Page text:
Like every element or component present on a vehicle, batteries can lose some of their effectiveness and may even end up not working at all. Often drivers are pre-warned about issues with their battery, with months of stuttering starts before it finally gives up.
As battery failures are one of the most frequent motoring problems drivers face it is important that time is taken to keep the component in great working order and that people know when the time has come to invest in a new battery.
This is particularly true in the winter months, as the colder weather can put an extra strain on this part of a vehicle.
Batteries tend to have a lifespan of around five years and it is better to buy one, before you're pushed to splash the cash on a replacement in an emergency.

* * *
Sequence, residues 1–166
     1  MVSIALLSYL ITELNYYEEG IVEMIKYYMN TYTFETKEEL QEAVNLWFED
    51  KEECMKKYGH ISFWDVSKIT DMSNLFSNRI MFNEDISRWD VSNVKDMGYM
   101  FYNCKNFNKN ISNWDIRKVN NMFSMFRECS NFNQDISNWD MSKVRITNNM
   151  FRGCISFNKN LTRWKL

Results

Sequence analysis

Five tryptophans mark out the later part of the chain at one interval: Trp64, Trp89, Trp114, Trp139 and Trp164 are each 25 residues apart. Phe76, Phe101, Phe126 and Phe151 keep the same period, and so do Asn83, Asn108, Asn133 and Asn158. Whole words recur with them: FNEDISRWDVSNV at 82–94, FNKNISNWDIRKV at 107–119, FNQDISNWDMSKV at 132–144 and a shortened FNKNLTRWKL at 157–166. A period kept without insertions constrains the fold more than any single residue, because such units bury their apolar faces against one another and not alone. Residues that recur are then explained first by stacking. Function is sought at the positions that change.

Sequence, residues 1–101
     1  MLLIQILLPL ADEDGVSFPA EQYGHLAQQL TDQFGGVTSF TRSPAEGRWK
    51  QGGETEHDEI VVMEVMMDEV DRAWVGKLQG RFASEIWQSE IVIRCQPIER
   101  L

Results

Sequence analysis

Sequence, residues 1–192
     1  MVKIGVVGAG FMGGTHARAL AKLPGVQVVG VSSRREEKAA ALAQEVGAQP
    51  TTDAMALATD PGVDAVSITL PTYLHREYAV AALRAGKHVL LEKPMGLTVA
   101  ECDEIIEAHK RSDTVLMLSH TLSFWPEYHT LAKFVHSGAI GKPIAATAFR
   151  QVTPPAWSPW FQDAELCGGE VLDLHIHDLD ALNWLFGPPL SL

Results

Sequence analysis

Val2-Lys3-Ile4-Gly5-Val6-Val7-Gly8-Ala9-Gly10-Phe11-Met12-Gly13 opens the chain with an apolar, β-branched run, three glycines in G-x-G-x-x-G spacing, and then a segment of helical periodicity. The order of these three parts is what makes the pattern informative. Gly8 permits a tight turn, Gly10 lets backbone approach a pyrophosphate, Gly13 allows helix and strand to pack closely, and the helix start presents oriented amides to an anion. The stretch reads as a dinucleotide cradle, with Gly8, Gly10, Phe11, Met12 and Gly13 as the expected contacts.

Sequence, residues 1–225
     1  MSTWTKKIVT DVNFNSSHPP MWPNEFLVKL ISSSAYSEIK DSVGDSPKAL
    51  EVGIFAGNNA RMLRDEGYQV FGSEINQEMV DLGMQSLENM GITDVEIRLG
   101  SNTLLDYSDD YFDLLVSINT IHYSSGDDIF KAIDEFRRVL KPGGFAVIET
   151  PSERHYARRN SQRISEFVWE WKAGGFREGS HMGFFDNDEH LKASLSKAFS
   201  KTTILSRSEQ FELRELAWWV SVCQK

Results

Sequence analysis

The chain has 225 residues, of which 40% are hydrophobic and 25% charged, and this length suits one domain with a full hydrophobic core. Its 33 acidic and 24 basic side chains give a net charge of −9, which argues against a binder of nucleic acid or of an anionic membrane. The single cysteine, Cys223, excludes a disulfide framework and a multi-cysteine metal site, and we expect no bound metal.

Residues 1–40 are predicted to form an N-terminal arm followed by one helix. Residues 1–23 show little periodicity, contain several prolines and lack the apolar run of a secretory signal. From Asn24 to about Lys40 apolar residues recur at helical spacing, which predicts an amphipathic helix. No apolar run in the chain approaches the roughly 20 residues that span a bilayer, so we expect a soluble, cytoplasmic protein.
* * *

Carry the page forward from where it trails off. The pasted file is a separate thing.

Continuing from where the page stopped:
Buying a new car battery can be a daunting task, but there is plenty of information available to help you make your decision. Batteries are rated according to Amp Hours and Cold Cranking Amps (CCA), with the former giving a good indication of how long the battery will last if it's not recharged.
The latter is the power they have to turn the engine over sufficiently to get it started in cold conditions and it is important to take these into account when buying a new battery.
A high CCA is not really necessary for a small car and could leave you forking out for power you really don't need.
Drivers unsure about what type of battery to buy for their vehicle can make use of what they have at their fingertips, or under the bonnet to be precise, the old battery. This will give you guidance on the type of battery you should be purchasing for your specific car.
Prices for batteries do vary and it is important to do your research before buying, particularly when the battery is showing signs of losing its effectiveness, as the last thing you want to do is be paying over the odds for an emergency replacement at the side of the road.
Posted by Danielle Barge